Cover Image
市場調查報告書

高級旅行回饋信用卡:備受矚目但持續困難

Premium Travel Reward Credit Cards: High Profile but Unsustainable

出版商 Mercator Advisory Group, Inc. 商品編碼 532782
出版日期 內容資訊 英文
商品交期: 最快1-2個工作天內
價格
Back to Top
高級旅行回饋信用卡:備受矚目但持續困難 Premium Travel Reward Credit Cards: High Profile but Unsustainable
出版日期: 2017年07月25日 內容資訊: 英文
簡介

本報告提供會費高利潤也大的高級旅行回饋信用卡的永續性調查,由4項理由表達這個經營模式的難以持續。

本調查的重點

  • 利潤收益動態相關討論
  • 美國的互換收費高和高級利潤卡的失敗
  • 首位層級產品的市場掃描
  • 顯示經營模式有風險的4個理由
  • 對高級旅行利潤卡的應採取的行動

調查對象企業

  • American Airlines
  • American Express
  • Barclaycard
  • Capital One
  • City National
  • Citi
  • Discover
  • First Data
  • FIS
  • Fiserv
  • HSBC
  • M&S Bank
  • MasterCard
  • NatWest
  • Royal Bank of Canada
  • Royal Bank of Scotland
  • Santander
  • Tesco
  • TSYS
  • US Bank
  • USAA
  • Visa
目錄

Are high-fee/high-reward premium travel credit cards a sustainable business model?

New Mercator Advisory Group questions the sustainability of high-priced travel reward credit cards and sees year-2 attrition challenges.

The latest in premium credit card products, travel credit cards targeted to consumers with strong credit scores and above-average income, grab headlines with sky-high introductory rewards and fees. Consumers are attracted by rewards and the 24-karet gold-plated cards, but is this an unrealistic business model? Will customer attrition occur in the second year when $450 fees come due with only a fraction of the first-year benefits available?

Mercator Advisory Group's latest research report, ‘Premium Travel Reward Credit Cards: High Profile but Unsustainable’, discusses the long-term proposition of these high-reward/high-fee cards and presents analysis pointing to four reasons the model will not stand the test of time:

  • Top-tier issuers are already reducing their rewards. Points per dollar spent set at 100,000 one day are 50,000 the next, causing market confusion.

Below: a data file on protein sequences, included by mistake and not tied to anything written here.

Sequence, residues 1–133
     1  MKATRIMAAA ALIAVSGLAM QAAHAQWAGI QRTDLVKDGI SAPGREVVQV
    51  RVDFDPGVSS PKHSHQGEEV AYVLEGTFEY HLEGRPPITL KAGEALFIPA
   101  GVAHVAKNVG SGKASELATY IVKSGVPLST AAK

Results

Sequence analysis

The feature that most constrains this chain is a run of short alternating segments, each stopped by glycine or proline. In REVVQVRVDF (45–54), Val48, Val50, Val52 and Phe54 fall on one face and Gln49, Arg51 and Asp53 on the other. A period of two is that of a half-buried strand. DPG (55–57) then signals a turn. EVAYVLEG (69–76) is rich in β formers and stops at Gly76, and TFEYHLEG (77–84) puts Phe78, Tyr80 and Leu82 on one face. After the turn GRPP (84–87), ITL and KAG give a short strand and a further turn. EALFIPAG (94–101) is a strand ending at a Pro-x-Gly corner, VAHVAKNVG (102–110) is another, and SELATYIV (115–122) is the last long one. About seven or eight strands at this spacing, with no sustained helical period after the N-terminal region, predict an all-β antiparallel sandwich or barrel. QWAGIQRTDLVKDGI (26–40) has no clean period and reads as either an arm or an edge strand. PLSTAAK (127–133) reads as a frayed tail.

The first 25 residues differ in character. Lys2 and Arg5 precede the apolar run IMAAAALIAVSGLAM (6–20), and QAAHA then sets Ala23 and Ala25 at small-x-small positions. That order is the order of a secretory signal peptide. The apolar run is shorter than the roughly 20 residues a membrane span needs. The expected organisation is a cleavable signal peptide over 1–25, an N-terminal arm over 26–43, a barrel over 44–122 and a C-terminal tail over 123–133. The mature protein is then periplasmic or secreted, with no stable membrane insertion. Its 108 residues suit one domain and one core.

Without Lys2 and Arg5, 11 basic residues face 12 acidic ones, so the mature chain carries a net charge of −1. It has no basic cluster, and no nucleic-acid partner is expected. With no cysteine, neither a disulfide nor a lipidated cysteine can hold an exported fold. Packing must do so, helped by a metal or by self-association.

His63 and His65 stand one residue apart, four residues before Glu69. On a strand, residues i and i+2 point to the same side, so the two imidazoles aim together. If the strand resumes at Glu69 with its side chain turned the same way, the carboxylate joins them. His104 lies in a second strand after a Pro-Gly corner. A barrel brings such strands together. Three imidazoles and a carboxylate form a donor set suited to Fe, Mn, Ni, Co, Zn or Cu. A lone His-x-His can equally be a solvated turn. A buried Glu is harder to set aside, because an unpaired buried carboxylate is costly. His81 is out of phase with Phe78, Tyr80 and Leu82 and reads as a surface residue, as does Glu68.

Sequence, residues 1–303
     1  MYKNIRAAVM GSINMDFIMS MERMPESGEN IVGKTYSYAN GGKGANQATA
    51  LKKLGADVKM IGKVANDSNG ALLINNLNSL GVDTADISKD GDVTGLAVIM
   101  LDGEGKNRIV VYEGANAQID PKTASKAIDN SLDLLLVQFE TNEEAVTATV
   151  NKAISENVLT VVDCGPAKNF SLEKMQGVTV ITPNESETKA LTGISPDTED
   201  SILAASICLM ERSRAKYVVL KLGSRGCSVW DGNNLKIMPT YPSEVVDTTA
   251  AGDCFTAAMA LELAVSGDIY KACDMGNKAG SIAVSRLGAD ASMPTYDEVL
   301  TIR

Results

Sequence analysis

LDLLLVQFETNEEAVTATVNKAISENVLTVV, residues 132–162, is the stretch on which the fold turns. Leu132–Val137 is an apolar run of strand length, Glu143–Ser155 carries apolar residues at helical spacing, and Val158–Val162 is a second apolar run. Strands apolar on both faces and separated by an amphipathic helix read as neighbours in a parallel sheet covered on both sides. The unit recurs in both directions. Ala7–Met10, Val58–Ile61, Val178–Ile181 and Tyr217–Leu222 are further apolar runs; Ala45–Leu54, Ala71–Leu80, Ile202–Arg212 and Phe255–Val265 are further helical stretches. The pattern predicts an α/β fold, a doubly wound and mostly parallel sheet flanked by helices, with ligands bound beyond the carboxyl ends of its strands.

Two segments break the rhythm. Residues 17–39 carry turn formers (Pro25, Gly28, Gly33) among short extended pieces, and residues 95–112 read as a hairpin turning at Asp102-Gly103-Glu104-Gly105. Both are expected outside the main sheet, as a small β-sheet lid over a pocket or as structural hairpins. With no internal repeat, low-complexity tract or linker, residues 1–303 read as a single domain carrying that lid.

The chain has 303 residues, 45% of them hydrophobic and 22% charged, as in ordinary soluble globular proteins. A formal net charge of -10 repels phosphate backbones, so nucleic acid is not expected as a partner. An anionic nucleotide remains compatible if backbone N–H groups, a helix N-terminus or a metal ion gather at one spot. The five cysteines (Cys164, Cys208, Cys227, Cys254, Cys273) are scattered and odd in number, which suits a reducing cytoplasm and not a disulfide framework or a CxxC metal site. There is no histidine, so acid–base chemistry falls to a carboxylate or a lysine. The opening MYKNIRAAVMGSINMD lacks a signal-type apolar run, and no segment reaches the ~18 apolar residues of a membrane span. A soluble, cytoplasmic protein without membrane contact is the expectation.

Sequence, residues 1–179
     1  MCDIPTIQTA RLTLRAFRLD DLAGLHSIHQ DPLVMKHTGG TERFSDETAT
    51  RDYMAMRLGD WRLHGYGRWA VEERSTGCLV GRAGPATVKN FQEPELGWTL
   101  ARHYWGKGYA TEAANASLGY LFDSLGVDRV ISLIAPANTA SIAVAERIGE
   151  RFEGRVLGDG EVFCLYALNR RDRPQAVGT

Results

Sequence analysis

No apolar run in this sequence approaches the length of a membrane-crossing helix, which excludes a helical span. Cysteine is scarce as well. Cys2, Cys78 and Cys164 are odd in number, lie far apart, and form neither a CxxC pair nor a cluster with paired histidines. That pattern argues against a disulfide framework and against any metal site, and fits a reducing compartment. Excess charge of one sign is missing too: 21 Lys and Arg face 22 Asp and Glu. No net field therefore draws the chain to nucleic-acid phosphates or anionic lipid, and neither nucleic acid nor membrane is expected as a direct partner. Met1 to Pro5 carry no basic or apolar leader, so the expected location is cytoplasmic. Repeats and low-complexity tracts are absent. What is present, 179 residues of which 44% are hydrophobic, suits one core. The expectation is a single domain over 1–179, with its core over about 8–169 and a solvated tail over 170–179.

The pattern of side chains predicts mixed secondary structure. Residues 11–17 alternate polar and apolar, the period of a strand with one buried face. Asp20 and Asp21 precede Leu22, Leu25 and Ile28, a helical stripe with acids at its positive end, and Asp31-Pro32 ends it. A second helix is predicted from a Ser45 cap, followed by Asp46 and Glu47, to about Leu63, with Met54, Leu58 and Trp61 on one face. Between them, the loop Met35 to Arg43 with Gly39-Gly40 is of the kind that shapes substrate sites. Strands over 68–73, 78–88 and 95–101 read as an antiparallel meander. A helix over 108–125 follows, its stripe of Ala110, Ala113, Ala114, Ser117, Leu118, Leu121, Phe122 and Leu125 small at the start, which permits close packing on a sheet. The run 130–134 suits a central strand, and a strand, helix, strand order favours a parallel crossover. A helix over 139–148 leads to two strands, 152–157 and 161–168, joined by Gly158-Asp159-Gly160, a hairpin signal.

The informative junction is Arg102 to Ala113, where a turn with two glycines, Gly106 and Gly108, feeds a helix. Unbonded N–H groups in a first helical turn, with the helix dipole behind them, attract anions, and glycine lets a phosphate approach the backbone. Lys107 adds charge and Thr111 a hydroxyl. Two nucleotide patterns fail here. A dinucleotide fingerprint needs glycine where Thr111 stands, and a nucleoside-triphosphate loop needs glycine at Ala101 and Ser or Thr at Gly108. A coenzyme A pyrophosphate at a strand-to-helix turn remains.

• Year-2 benefits are nowhere near as attractive as year-1 benefits, which will likely cause attrition.
  • A potential shift from accounts transacting (cardholders paying off balances monthly) to revolving (cardholders paying over the course of time) could upset issuer revenue expectations.
  • The reliance on interchange works in the U.S. market today, but if regulators follow the example of Australian, Canadian, or European regulators' standards, the source for funding card rewards will end.

According to the report, U.S. households are adding new credit despite sky-high volumes of outstanding credit card debt as well as auto finance and student loans. Winning new customers and coming up with new payment tools is exciting, but issuers need to keep their eye on the ball particularly since the lending growth is outpacing household income growth.

“Everyone loves credit card rewards. They attract customers and drive product preference. But a $450 annual fee is a big commitment for a credit card, even if the first-year cost is offset by points per dollar spent,” commented Brian Riley, Director, Credit Advisory Service, Mercator Advisory Group. “Issuers need to think about the second year and beyond. Once the luster of that flashy metallic card is gone, will the cardholder commit to $450 the next year? When you consider that bank card accounting allows the expense to be allocated over seven years. If the customer leaves in year 2 or 3, that's a pretty expensive proposition.”

This research report contains 17 pages and 5 exhibits.

Companies mentioned in this report include: American Airlines, American Express, Barclaycard, Capital One, City National, Citi, Discover, First Data, FIS, Fiserv, HSBC, M&S Bank, MasterCard, NatWest, Royal Bank of Canada, Royal Bank of Scotland, Santander, Tesco, TSYS, US Bank, USAA, and Visa.

One of the exhibits included in this report:

Highlights of the research report include:

  • Discussion of reward revenue dynamics
  • A review of why US interchange, among the highest in the world, could be decisive in unraveling premium reward cards.
  • Market scan of top tier products
  • Four reasons the business model is at risk
  • How the industry should react to premium travel reward cards
Back to Top